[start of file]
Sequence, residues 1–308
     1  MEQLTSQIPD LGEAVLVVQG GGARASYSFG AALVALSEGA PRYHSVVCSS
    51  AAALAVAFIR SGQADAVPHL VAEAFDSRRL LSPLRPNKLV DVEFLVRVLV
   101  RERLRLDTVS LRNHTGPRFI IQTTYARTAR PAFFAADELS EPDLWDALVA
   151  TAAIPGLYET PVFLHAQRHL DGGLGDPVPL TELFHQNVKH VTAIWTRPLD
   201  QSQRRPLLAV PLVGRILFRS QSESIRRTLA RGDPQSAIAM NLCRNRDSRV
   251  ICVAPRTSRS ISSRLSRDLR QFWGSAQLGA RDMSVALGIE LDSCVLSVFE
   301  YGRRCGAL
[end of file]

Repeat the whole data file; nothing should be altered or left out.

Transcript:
Sequence, residues 1–308
     1  MEQLTSQIPD LGEAVLVVQG GGARASYSFG AALVALSEGA PRYHSVVCSS
    51  AAALAVAFIR SGQADAVPHL VAEAFDSRRL LSPLRPNKLV DVEFLVRVLV
   101  RERLRLDTVS LRNHTGPRFI IQTTYARTAR PAFFAADELS EPDLWDALVA
   151  TAAIPGLYET PVFLHAQRHL DGGLGDPVPL TELFHQNVKH VTAIWTRPLD
   201  QSQRRPLLAV PLVGRILFRS QSESIRRTLA RGDPQSAIAM NLCRNRDSRV
   251  ICVAPRTSRS ISSRLSRDLR QFWGSAQLGA RDMSVALGIE LDSCVLSVFE
   301  YGRRCGAL